A bailiff serves a Notice of Issuance to Bailiff:


Residential Properties


If a residential property owner fails to respond to the "Final Notice" and has outstanding taxes from the previous year in the amount of $100 or more, the account is issued to a bailiff.

The City will issue a Notice of Issuance to Bailiff to the taxpayer indicating that their outstanding tax balance has been issued to a bailiff, and that any further payments on the outstanding amount must be made to the bailiff for collection of unpaid amounts.


Non-Residential Properties


If a non-residential property owner fails to respond to the "Final Notice", the City will issue a Notice of Issuance to Bailiff to the taxpayer indicating that their outstanding tax balance has been issued to a bailiff, and that any further payments on the outstanding amount must be made to the bailiff directly.

If a Notice of Issuance to Bailiff is issued to you, a fee will be added to your property tax account to cover the cost of producing and mailing the statement. This fee will be included in your statement amount.
 

Notice of Issuance to Bailiff Fee: $60.39 per notice


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Information on Bailiffs

The City of Toronto Act, 2006 permits municipalities to use the services of a bailiff in the collection of property tax arrears.

A bailiff is a duly appointed agent under contract with the City of Toronto to recover outstanding property taxes. The costs of the bailiff service are the full responsibility of the property owner.

Bailiff tax recovery actions include:

  • Serving a Warrant to Distrain for Taxes to the assessed address advising the property owner of default of such outstanding taxes, penalties and lawful cost of said distress.
  • Mailing notices to the property owner advising that a warrant has been issued and the amount of the warrant.
  • Title searches.
  • Telephone contact with the property owner(s), mortgage holder(s) and all other parties that appear on title.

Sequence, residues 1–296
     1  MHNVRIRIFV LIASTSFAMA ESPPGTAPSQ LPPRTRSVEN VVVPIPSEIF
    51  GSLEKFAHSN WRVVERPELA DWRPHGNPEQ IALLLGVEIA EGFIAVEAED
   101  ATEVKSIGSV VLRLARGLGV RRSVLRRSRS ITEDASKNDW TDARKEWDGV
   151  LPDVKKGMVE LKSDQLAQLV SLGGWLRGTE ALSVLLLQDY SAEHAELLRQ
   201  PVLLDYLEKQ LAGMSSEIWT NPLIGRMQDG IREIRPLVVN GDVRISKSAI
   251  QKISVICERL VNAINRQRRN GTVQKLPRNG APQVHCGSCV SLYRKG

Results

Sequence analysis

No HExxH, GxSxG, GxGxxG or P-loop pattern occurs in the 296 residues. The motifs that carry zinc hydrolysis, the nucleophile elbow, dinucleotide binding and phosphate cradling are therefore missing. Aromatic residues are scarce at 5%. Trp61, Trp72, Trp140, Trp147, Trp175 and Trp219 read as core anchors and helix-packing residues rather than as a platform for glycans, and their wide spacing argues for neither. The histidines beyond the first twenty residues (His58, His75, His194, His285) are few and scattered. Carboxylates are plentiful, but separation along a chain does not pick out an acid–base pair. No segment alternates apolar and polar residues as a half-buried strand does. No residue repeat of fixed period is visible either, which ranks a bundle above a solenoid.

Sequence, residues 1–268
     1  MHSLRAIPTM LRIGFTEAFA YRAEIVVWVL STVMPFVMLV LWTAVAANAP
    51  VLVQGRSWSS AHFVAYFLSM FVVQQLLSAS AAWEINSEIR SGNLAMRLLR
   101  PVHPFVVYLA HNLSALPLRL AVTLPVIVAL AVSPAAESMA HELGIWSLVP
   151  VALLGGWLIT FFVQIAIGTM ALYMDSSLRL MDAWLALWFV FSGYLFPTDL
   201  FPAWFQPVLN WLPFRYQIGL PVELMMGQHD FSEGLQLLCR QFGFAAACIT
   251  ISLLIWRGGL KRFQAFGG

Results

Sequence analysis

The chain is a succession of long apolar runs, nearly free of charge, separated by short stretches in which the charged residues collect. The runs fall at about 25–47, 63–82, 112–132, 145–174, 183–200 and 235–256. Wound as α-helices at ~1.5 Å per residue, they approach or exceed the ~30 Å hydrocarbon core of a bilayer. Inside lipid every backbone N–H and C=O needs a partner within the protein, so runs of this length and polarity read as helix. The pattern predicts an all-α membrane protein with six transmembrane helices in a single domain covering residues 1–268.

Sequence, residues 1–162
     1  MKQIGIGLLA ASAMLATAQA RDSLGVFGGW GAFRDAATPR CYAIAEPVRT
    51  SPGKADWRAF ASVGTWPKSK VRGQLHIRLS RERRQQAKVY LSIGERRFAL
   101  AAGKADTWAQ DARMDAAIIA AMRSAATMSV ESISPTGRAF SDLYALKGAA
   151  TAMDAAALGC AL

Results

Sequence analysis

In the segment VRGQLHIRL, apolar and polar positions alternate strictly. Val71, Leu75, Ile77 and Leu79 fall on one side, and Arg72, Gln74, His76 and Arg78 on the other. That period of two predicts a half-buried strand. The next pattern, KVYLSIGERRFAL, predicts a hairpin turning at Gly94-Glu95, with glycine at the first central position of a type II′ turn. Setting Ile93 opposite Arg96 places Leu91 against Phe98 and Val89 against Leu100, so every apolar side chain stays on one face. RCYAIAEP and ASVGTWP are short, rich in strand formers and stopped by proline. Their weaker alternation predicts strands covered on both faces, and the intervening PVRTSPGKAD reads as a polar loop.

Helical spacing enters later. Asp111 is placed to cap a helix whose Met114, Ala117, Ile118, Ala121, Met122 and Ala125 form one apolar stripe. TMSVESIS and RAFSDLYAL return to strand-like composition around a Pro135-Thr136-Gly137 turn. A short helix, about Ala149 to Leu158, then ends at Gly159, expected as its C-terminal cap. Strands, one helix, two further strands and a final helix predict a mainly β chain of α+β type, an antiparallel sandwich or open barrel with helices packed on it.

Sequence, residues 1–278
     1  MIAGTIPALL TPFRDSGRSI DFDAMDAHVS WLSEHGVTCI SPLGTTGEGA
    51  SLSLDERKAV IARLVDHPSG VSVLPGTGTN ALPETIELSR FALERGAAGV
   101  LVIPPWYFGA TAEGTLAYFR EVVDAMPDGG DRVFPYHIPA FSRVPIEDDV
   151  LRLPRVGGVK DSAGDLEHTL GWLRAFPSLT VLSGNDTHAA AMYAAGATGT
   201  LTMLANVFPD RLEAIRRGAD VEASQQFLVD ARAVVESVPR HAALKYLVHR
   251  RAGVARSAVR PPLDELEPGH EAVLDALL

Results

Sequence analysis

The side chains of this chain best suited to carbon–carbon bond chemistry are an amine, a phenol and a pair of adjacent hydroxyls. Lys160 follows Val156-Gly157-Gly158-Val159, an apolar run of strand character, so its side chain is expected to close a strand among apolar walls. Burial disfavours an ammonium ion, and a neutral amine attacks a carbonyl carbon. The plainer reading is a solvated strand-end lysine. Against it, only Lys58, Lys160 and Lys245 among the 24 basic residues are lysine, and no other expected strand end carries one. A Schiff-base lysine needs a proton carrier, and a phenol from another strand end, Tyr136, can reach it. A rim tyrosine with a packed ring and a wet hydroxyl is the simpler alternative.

• Site visits.
  • Attornment of Rent(s) (i.e. if a property is tenanted, the bailiff can direct the tenant(s) to submit rent payments to the bailiff. These attorned rents are then applied against the outstanding property taxes).
  • Issuing a Warrant to Distrain Goods/property (i.e. the bailiff can register a common law lien against goods/property located in or on an owner's property).
  • Issuing a Warrant to Seize Goods/Chattels (i.e. the bailiff can physically seize and remove goods/chattels from the property and ultimately sell items seized to recover the tax arrears.

 

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6. Municipal Tax Sale Proceeding

Once all other collection efforts are exhausted, and the City has been unable to secure payment of the tax arrears, or a firm, suitable repayment plan, the City commences Municipal Tax Sale Proceedings as prescribed by the City of Toronto Act, 2006.

Municipal Tax Sale proceedings can begin once taxes have been in arrears for at least three years. The first step in the Municipal Tax Sale process requires the City to register a Tax Arrears Certificate on title of a property.

The debtor has one year from the date of registration of a Tax Arrears Certificate on title of the property to pay the cancellation price (which includes all of the taxes levied and outstanding, all accrued penalty/interest and costs).

Failing payment within that year, or the entering into of an extension agreement, the Treasurer is required to proceed with a sale of the property through a public auction or public tender.

 

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Property Tax Fees

For a full list of Property Tax Fees.

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Largest Debtor Report

The Director of Revenue Services is required to:

  • Submit a public report to the Government Management Committee on a semi-annual basis identifying those properties owned by a corporation with tax arrears of $500,000 or more. View report.
  • Submit a report to Committee identifying those properties owned by individuals with tax arrears of $500,000 or more.